Non-parametric estimation of mixing densities for discrete distributions2005In: Annals of Statistics, ISSN 0090-5364, E-ISSN 2168-8966, Vol. 33, no 5, p. 2066-2108Article in journal (Refereed)
    Abstract [en]

    By a mixture density is meant a density of the form πμ(⋅)=∫πθ(⋅)×μ(dθ), where (πθ)θ∈Θ is a family of probability densities and μ is a probability measure on Θ. We consider the problem of identifying the unknown part of this model, the mixing distribution μ, from a finite sample of independent observations from πμ. Assuming that the mixing distribution has a density function, we wish to estimate this density within appropriate function classes. A general approach is proposed and its scope of application is investigated in the case of discrete distributions. Mixtures of power series distributions are more specifically studied. Standard methods for density estimation, such as kernel estimators, are available in this context, and it has been shown that these methods are rate optimal or almost rate optimal in balls of various smoothness spaces. For instance, these results apply to mixtures of the Poisson distribution parameterized by its mean. Estimators based on orthogonal polynomial sequences have also been proposed and shown to achieve similar rates. The general approach of this paper extends and simplifies such results. For instance, it allows us to prove asymptotic minimax efficiency over certain smoothness classes of the above-mentioned polynomial estimator in the Poisson case. We also study discrete location mixtures, or discrete deconvolution, and mixtures of discrete uniform distributions.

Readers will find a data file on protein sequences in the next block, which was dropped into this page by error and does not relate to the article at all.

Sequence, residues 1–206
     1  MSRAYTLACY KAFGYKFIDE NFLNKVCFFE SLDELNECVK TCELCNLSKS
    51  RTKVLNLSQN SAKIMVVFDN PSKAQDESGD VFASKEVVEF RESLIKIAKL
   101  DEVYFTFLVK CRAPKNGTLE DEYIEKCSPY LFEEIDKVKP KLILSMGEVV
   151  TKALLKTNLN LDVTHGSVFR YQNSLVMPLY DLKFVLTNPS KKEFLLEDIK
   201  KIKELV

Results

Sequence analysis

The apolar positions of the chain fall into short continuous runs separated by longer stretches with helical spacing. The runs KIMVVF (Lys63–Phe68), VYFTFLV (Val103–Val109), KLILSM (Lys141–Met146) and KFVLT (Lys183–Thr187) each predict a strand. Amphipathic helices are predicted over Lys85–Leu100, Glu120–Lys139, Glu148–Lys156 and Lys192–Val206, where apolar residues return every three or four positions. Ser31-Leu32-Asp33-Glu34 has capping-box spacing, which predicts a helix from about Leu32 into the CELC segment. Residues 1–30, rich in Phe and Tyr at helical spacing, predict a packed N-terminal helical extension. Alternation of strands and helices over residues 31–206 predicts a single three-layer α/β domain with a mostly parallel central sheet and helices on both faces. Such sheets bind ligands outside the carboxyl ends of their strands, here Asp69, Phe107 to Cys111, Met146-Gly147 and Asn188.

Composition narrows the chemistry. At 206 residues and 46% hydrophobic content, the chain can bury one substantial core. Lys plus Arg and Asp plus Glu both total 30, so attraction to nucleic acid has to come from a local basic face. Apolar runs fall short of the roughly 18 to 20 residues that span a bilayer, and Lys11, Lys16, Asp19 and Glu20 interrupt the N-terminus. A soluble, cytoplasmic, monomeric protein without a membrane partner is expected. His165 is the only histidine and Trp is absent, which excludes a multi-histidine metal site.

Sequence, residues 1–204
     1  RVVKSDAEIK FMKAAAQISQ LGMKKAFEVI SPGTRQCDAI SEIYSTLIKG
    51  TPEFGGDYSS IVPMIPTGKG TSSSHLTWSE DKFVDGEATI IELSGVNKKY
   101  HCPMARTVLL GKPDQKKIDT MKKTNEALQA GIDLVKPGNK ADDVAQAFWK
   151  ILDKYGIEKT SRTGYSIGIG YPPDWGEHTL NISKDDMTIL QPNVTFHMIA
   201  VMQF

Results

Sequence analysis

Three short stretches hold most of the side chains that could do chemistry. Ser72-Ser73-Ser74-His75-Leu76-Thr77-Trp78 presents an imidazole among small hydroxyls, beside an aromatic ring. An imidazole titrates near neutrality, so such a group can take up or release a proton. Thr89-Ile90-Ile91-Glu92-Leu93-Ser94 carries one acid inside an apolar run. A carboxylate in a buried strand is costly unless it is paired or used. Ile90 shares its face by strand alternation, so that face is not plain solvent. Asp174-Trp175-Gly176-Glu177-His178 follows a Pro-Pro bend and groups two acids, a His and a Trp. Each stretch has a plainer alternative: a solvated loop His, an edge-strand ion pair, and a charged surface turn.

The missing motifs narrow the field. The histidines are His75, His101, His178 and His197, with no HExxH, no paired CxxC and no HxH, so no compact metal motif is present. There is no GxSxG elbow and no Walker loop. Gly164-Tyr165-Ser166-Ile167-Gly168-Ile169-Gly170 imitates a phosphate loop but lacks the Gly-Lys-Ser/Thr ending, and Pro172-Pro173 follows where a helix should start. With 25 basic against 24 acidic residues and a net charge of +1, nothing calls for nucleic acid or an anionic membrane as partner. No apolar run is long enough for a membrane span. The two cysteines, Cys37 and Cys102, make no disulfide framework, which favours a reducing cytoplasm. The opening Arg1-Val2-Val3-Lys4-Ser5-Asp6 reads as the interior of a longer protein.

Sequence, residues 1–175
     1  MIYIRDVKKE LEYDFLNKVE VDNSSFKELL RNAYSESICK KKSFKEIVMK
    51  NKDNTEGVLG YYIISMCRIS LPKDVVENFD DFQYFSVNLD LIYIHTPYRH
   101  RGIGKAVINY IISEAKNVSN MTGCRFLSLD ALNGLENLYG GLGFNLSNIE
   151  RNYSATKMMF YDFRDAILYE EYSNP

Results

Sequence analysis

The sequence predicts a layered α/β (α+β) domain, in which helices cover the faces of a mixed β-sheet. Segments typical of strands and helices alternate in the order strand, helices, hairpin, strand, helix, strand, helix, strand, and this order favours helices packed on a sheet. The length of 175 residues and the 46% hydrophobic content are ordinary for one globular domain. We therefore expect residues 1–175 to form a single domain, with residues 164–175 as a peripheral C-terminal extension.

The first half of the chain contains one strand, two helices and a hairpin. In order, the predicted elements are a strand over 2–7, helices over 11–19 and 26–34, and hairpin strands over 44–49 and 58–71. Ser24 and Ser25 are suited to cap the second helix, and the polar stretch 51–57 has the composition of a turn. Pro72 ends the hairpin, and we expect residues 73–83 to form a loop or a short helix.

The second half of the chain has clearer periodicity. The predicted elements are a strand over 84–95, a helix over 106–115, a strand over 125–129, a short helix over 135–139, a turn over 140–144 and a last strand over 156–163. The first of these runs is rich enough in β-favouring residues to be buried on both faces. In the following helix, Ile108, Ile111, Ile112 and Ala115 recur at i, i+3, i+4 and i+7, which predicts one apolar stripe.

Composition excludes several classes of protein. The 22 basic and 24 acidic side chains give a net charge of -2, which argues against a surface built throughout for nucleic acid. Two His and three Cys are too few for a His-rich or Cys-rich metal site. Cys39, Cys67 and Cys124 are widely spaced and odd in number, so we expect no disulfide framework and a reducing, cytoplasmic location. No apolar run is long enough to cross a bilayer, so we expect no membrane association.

• 383. Rubenthaler, Sylvain
    et al.
    Rydén, Tobias
    Lund University.
    Wiktorsson, Magnus
    Fast simulated annealing in Rd with an application to maximum likelihood estimation in state-space models2009In: Stochastic Processes and their Applications, ISSN 0304-4149, E-ISSN 1879-209X, Vol. 119, no 6, p. 1912-1931Article in journal (Refereed)
    Abstract [en]

    We study simulated annealing algorithms to maximise a function psi on a subset of R(d). In classical simulated annealing, given a current state theta(n) in stage n of the algorithm, the probability to accept a proposed state z at which psi is smaller, is exp(-beta(n+1)(psi(z) - psi (theta(n))) where (beta(n)) is the inverse temperature. With the standard logarithmic increase of (beta(n)) the probability P(psi(theta(n)) <= psi(max) - epsilon), with psi(max) the maximal value of psi, then tends to zero at a logarithmic rate as n increases. We examine variations of this scheme in which (beta(n)) is allowed to grow faster, but also consider other functions than the exponential for determining acceptance probabilities. The main result shows that faster rates of convergence can be obtained, both with the exponential and other acceptance functions. We also show how the algorithm may be applied to functions that cannot be computed exactly but only approximated, and give an example of maximising the log-likelihood function for a state-space model.

  • 384.
    Rydén, Otto
    KTH, School of Engineering Sciences (SCI), Mathematics (Dept.), Mathematical Statistics.
    Statistical learning procedures for analysis of residential property price indexes2017Independent thesis Advanced level (degree of Master (Two Years)), 20 credits / 30 HE creditsStudent thesis
    Abstract [en]